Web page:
*Science Fiction, Fantasy & Horror: You just can’t trust minions! Dr Evilla’s been very preoccupied in her Evilla Cave (conveniently situated below her secret alter ego’s stately residence), with her latest plan for world domination. Due to this she tasked her assistant, Greebo, with sorting out more Conan books to sell. Greebo’s pair of neurones weren’t able to cope and Dr Evilla was surprised to find an update consisting of Conan The Usurper and The Conan Doyle Stories! Greebo has now been assigned more menial minion duties, but the books remain enticingly on the shelves. The Conan Doyle stories, selected by John Dickson Carr, range over several genres and include Tales of the Ring, the Camp, Pirates, Blue Water, Terror, Mystery, Twilight and the Unseen, Adventure, Medical Life and Tales of Long Ago. Conan The Usurper has its eponymous hero battling deadly magic, murderous demons and incredible monsters – all in a day’s work for the mighty barbarian.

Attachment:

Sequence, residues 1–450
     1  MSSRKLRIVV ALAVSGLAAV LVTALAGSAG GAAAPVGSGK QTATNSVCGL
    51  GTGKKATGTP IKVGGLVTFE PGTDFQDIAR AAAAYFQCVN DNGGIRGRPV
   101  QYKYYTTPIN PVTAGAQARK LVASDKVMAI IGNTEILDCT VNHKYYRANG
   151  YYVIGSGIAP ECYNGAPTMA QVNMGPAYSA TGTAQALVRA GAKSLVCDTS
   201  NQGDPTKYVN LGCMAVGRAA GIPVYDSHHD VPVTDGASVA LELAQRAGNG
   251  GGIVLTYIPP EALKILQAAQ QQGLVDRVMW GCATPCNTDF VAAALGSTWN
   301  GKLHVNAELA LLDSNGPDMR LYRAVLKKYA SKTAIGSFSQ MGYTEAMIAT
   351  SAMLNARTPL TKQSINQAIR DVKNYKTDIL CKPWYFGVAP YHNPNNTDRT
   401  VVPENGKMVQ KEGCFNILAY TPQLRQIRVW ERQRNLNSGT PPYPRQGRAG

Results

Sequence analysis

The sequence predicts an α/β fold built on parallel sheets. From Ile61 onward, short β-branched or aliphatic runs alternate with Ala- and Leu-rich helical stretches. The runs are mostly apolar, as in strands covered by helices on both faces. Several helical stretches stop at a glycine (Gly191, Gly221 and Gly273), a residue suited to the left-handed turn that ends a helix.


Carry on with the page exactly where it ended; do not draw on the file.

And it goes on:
*Science Fiction, Fantasy & Horror: Robert E Howard packed an impressive amount of writing into his short life (committing suicide at just 30 years old). His influence can be gauged by the continuing interest in his work and his life. We’ve gathered together six non-fiction works that, through a mixture of biography and selected work by the great man, explore his achievements and lasting appeal. Titles consist of Dark Valley Destiny: The Life Of Robert E. Howard (de Camp et al), The Dark Barbarian: The Writings Of Robert E Howard: A Critical Anthology (Herron ed), Robert E Howard: Starmont Reader’s Guide 35 (Cerasini & Hoffman), Conan’s World And Robert E Howard (Schweitzer), Literary Swordsmen And Sorcerors: The Makers Of Heroic Fantasy (de Camp) and The Last Celt (Lord ed). Nearly all are 1st editions, and they can all be found just after the R E Howard listing in our catalogue.